In a recent workshop, I provided suggestions for how to have conversations that encourage people to change. One of the participants asked what to say when the dialogue seemed to be at a standstill with both parties having different points of view.
One technique that can be helpful is to introduce a “third party” into the discussion. This may not be a literal third person, rather some information that serves as a proxy for them. It’s different than a pure debate with outside sources and factual research; in this scenario, you are bringing another viewpoint into the conversation. It could be through survey results (“the members said…”), a professional code of ethics (“the association recommends that we…”), an edict from higher-ups (“the administration needs us to….”), input from your constituents (“the students want…”) or something similar.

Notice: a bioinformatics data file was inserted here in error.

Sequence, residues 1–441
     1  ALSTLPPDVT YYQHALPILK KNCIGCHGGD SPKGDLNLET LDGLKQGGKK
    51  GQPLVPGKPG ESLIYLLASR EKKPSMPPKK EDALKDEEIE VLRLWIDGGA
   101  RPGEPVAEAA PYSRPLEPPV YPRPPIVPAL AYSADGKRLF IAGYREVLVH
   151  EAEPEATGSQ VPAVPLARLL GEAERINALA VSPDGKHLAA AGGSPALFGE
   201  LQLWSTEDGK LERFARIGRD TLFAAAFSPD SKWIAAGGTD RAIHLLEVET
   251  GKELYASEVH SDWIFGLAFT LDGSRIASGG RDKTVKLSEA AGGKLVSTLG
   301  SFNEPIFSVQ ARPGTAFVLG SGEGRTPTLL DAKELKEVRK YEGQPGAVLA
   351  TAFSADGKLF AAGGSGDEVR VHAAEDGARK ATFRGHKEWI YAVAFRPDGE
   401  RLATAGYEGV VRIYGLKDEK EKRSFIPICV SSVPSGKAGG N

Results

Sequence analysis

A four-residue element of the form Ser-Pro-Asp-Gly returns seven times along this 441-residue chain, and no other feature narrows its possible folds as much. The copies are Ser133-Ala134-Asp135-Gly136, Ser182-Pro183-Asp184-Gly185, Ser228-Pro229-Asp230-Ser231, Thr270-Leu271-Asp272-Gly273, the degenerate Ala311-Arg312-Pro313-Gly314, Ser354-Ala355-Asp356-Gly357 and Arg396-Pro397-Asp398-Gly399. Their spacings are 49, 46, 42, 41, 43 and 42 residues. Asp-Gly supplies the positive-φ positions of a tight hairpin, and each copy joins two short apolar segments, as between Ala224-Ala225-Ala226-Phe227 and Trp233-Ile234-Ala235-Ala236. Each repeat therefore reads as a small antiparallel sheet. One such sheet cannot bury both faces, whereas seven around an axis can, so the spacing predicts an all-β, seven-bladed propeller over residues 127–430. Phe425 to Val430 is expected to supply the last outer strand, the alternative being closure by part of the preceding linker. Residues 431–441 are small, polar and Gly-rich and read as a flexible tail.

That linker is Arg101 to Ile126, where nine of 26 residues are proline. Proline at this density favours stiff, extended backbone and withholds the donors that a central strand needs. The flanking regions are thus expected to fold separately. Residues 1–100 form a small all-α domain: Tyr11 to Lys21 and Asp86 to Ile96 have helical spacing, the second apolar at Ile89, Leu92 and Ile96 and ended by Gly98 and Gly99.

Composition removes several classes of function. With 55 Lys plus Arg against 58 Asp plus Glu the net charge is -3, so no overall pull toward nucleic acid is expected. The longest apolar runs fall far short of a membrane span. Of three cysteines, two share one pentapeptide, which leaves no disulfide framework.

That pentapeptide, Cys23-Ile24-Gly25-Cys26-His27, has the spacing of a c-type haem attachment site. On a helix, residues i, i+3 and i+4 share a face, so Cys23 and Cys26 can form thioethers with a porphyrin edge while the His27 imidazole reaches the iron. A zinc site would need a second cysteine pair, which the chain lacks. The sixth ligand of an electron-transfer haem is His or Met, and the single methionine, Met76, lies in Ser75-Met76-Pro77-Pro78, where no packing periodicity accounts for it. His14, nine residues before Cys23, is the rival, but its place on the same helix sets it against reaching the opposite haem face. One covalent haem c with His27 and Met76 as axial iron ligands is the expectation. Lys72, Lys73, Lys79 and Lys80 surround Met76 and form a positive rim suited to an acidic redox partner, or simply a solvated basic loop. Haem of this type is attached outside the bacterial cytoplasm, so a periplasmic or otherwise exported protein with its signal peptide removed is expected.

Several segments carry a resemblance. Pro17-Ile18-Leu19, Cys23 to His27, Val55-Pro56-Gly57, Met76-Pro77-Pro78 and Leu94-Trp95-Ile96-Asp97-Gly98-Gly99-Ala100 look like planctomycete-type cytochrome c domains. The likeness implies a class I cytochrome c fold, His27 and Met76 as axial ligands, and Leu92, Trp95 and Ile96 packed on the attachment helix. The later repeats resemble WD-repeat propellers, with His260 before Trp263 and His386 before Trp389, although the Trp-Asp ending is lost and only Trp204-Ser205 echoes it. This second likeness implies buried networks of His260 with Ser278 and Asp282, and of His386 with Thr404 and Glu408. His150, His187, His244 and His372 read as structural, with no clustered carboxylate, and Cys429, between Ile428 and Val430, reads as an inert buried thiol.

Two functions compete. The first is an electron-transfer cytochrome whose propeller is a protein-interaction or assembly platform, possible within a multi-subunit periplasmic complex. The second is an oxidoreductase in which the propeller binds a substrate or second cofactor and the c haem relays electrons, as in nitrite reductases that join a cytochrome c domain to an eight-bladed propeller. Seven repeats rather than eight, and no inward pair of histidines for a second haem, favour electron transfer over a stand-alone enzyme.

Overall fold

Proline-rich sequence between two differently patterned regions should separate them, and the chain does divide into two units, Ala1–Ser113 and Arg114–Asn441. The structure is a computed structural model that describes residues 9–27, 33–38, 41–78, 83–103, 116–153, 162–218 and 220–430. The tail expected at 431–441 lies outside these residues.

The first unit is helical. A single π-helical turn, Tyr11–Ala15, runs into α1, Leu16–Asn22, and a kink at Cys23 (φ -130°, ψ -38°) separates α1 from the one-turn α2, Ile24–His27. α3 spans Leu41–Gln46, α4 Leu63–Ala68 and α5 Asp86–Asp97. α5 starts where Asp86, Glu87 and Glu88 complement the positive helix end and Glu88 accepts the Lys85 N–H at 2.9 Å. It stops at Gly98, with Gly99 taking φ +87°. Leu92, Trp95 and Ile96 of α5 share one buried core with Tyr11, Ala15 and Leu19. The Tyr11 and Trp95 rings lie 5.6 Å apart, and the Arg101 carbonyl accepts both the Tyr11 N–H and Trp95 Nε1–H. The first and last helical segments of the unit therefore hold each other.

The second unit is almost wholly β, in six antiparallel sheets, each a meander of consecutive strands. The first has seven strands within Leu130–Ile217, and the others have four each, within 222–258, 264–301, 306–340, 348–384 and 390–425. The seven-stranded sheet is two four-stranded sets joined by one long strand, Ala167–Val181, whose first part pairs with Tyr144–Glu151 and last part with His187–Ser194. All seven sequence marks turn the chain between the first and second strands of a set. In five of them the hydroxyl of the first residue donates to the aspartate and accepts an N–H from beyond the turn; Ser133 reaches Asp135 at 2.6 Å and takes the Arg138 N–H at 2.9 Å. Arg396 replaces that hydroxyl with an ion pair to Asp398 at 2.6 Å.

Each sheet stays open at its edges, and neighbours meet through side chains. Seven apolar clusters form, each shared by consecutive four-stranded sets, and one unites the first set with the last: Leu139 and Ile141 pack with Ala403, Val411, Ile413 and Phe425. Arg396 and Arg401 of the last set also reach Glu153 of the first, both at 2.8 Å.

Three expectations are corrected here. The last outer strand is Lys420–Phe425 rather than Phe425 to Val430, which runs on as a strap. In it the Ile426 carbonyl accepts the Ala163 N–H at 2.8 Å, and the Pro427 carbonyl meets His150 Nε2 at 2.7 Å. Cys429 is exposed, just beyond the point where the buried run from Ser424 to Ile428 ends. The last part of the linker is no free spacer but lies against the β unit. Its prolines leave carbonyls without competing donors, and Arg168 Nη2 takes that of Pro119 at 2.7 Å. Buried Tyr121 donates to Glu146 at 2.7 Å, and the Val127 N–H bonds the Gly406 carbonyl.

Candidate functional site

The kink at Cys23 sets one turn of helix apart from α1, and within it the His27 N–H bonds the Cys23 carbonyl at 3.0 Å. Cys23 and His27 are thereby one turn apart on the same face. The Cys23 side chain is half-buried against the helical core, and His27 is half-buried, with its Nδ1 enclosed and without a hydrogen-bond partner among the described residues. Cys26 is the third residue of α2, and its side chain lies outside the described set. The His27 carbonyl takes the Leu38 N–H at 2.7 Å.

By bringing in a presumably neutral data point, you may be able to shift the conversation from a continuous back-and-forth impasse to more of a triangle that takes another perspective into consideration. It no longer becomes just you vs. them and just may create a window for both of you to alter your stance.